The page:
High Commissioner, Ladies and Gentlemen,
I must say I am enormously grateful to the High Commissioner for his very kind words and indeed his invitation to both my wife and I to come and join on this very special occasion of Australia Day. Above all else, we wanted to really wish you all a very special and happy Australia Day. For us it’s a great opportunity just to join you and above all else to show solidarity and huge sympathy for everything that Australia has had to go through in recent weeks and months and many are going to have to endure for coming weeks.
Particularly, as I’ve heard, the floods are encroaching slowly but surely into areas of Victoria. Of course our hearts go out particularly to all those who have lost loved ones amongst their families and who’ve been so incredibly badly affected by this appalling natural disaster and yet, have shown such extraordinary ability to survive, endure and somehow make jokes about the horror that everybody is facing. I couldn’t get over just reading for instance, about ladies who are busily shooting brown snakes trying to get into their houses and people who are dealing with the crocodiles, the spiders and all those things I remember so well. Let alone the ants. When I was in Australia all those years ago in 1966, a lot of people forget that aged 16 or 17 when I spent six months, I learnt a hell of a lot.
I was able to go around relatively privately and find out an awful lot about that part of the world. As you can imagine I have a huge affection as a result. I’ve been through my fair share of being called a “pommy bastard” I can assure you! Look what it’s done to me. My God it was good for the character. If you want to develop character, go to Australia. As I say I have a huge affection for it.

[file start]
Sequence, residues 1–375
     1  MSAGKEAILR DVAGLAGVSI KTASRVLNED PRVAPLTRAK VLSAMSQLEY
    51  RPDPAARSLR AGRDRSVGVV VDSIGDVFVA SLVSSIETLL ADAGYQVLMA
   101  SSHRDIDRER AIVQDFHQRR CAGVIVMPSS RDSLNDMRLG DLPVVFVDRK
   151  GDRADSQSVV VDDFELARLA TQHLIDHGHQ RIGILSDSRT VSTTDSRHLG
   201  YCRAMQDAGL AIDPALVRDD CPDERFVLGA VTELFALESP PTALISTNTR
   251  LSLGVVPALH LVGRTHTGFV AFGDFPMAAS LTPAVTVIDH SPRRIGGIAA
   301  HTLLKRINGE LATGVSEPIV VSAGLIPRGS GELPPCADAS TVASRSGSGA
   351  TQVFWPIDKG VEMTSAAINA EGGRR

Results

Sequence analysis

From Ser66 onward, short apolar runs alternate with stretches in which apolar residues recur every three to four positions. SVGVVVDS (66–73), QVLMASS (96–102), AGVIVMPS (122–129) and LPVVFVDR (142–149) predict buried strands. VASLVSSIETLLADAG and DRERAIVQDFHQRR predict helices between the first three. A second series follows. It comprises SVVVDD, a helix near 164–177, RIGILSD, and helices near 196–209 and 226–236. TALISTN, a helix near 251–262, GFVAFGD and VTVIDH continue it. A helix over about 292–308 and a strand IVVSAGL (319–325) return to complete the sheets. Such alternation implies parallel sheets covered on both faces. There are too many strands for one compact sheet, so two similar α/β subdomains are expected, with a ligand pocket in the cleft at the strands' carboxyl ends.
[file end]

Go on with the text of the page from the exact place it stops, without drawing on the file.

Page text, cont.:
Just hearing the names of the towns that have been affected, those wonderful places like Toowoomba, Gympie, Kilcoy and Dimboola. Just those names are so resonant with nostalgia and meaning. Just thinking about those names just conjures all those people who are having to endure so much at the moment. I just think of all those farmers and their properties. They’ve had to move their stock having spent 10 years enduring drought. Suddenly, as happens, if you’re not careful you get an extreme change to huge floods. But these people are showing unbelievable courage and assurance in the face of all these disasters and we are incredibly lucky that there are so many generous hearty people around.
I know there are companies, banks and others who are prepared to step in and help with the vast clean-up operation. We know how incredible the emergency services are when these disasters occur. We know also how much people in communities are helping each other. Suddenly adversity produces extraordinary generosity of spirit and people working together, in a way perhaps, that hadn’t quite happened before. All these things are perhaps sometimes positives that we have to remember when there are so many other negatives and so many other horrors to think about.
All I wanted to say on this occasion is we are thinking so much of all those out there in Australia. It seems so inadequate. It seems hopeless, almost in some ways, to say this. What else can we do except try to show real sympathy and understanding. So on this particular occasion may we just wish you every success in the future despite the challenges? Our prayers are with all those in Australia who are trying to endure these huge difficulties. So Ladies and Gentlemen, Happy Australia Day.